Esther* walks around her house tiptoeing on imaginary eggshells.
She's terrified of him. Constantly bracing herself for the next verbal attack. Keeping her eyes peeled for the fishing knife she knows is in his bedroom.
Will he try to push her again today? Will it be so hard she falls to the ground? Will he kick her? Or just put a hole in the wall? Will today turn into another fight?
Esther knows she is living with an abuser. She considers herself a victim of family violence. But she can't escape her perpetrator and run for safety like the helplines suggest.
Because Esther's abuser is her 13-year-old son.
It's hard to love David*.
He was such a wanted baby. Esther loved him unconditionally when he was little; constantly kissing him, loving him, mothering him. Their house was happy and safe. Her relationship with her husband, his father, was solid. He died suddenly two years ago and while he was always spared from their son's wrath, he too feared for his wife's safety.
"Esther, he's out to get you..." he'd warn.
Now it's just the two of them, and Esther finds it hard to even look at her son some days. Parts of her love him. Or want to love him. The instinct is to just love him through it all.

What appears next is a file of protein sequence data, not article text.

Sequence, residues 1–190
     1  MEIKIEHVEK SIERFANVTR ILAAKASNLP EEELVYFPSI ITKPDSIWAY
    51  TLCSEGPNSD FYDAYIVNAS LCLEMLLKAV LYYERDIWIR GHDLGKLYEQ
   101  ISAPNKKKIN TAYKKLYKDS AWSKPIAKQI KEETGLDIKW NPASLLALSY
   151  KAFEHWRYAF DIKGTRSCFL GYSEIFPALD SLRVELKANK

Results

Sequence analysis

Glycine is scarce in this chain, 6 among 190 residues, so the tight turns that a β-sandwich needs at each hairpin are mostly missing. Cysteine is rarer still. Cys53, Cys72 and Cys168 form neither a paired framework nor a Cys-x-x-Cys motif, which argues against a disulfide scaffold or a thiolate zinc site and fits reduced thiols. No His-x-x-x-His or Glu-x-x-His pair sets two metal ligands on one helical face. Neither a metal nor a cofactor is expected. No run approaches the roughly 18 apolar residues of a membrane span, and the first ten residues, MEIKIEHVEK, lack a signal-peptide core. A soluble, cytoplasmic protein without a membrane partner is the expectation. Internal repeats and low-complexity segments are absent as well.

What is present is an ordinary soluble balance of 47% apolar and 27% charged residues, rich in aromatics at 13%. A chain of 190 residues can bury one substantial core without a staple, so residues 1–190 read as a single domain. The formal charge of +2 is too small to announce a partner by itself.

But the other, more prominent feelings, are contempt, fear and ambivalence.
"To be honest, I can't wait until he is 18. I'm wishing his life away. I wish he was moving out," Esther told Mamamia. "It's so sad to think that way. I don't want to think that way. I listen to other mums saying 'It'll be so sad when my kids move out' and I'm just thinking, God, bring it on. And I feel shit about it. You know? It makes me feel awful."
Esther's biggest fear is that her son will one day be one of the men on the news being led away in handcuffs while a newsreader tells of 'horrible injuries,' lamenting another woman killed by violence. And there she will be on the sidelines telling the police, "I warned you, and you did nothing."